What is significant?
The former Fairfield Hospital opened in 1904 as the Queen's Memorial Infectious Diseases Hospital, funded by money raised to commemorate Queen Victoria's Diamond Jubilee, and was the first purpose -built, centralised isolation hospital for the treatment of infectious diseases in the State. The buildings, many of them in a consistent Federation style in red brick with terra cotta tile roofs, were constructed between 1900 and 1994 on a 22-acre site on the bank of the Yarra River.The hospital's name was changed to Fairfield Hospital in 1948. The hospital closed in 1996 and the southern part of the site was reserved for the construction of the Victorian Institute of Forensic Psychiatry. The northern part of the site was sold to the Northern Metropolitan Institute of TAFE. A section of land to the east of the present Victorian Institute of Forensic Psychiatry has been gazetted as a Public Park and Memorial Garden (containing the AIDS Garden) under the supervision of the Northern Metropolitan Institute of TAFE as the Committee of Management.
How is it significant?
The former Fairfield Hospital is architecturally,aesthetically, historically and socially significant to the State of Victoria.
Why is it significant?
The former Fairfield Hospital is architecturally significant as being among the best examples of hospital architecture in Australia in the period 1900-49, and demonstrates changes in hospital design in response to developments in infection control and treatment from the first decades of this century.
The former Fairfield Hospital is architecturally significant for its early, rare and visually distinctive core of Federation style buildings designed by Clegg, Kell and Miller.
The former Fairfield Hospital is architecturally significant as the most comprehensive hospital complex design carried out by Anketell and Kingsley Henderson who were the state's most prominent commercial and hospital architects in the early twentieth century and whose work was influential in hospital design.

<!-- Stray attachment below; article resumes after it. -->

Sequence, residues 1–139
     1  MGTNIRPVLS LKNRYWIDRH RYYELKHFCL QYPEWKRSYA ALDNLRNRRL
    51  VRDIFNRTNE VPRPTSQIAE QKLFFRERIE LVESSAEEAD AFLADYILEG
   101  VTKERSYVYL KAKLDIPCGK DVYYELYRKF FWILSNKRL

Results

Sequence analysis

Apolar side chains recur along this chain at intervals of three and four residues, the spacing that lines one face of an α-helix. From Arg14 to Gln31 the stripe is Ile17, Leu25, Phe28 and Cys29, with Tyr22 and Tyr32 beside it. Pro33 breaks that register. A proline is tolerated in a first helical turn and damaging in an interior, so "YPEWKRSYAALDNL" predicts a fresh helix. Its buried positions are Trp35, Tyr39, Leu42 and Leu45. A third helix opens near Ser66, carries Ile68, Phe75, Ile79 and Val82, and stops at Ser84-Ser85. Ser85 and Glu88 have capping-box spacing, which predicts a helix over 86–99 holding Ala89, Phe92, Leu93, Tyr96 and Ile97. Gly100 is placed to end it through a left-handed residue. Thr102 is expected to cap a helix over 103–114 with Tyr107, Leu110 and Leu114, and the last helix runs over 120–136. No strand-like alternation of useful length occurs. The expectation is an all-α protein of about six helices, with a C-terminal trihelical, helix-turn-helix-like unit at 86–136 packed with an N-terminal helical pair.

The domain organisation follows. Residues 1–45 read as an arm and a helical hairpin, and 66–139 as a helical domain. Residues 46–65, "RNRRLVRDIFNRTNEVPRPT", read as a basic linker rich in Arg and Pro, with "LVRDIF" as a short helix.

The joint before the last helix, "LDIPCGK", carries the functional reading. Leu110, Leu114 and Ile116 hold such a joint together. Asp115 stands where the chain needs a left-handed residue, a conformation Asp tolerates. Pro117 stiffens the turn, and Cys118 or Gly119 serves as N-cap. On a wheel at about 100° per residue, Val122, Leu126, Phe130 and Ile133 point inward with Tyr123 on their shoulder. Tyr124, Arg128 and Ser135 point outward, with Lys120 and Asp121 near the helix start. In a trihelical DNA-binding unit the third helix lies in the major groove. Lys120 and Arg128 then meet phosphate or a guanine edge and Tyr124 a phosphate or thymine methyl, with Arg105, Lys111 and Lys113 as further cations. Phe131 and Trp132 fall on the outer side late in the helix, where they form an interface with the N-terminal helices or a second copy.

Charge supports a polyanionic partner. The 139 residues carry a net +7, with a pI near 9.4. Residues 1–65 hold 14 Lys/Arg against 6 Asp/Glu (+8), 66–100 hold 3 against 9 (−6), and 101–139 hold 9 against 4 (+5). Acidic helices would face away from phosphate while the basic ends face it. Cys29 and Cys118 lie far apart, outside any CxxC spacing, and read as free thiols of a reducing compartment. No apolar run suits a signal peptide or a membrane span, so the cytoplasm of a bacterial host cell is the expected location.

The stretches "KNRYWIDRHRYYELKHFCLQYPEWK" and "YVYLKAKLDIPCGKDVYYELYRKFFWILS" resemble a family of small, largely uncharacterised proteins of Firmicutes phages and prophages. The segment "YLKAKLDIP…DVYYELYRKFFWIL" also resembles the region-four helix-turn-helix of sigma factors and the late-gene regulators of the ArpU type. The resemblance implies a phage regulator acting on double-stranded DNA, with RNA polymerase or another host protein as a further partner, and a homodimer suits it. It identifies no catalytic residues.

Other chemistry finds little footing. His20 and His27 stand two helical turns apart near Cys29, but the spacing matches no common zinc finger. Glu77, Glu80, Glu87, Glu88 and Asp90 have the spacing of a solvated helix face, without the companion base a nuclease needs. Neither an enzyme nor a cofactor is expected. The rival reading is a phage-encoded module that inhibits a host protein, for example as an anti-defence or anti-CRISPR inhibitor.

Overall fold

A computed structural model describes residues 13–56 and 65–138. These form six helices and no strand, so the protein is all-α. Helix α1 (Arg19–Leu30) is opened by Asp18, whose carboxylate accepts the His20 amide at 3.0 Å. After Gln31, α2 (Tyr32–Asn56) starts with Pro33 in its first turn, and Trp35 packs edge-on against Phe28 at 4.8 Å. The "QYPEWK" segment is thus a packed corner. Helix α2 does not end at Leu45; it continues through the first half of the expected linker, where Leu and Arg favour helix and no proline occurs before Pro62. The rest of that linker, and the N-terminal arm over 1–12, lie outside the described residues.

The former Fairfield Hospital is architecturally significant for the Modernist F VG. Scholes building and the Ambulance Garage, both designed by the prominent Public Works Department Chief Architect, Percy Everett.
The former Fairfield Hospital is architecturally significant for individual notable elements within the complex such as the formed fibrous plaster sheet ceilings seen in the 1900-03 buildings.
The former Fairfield Hospital is historically significant as the first and only purpose-designed and built infectious diseases hospital in Australia.
The former Fairfield Hospital is historically and socially significant as an institution responsive to the needs of patients during epidemics of infectious diseases for almost 100 years as it developed from isolation hospital to internationally recognised research and treatment centre. Its innovative responses to the challenge of caring for HIV/AIDS patients and their families from 1983 to 1996 included the establishment of the AIDS garden in 1988.
The former Fairfield Hospital garden is aesthetically significant as an example of the influence of the work of pioneering landscape gardener William Guilfoyle.
The former Fairfield Hospital is aesthetically significant for its mature and exotic vegetation, including fine mature specimens of Cedrus deodara, Eucalyptus cladocalyx and rare trees such as Ficus palmata.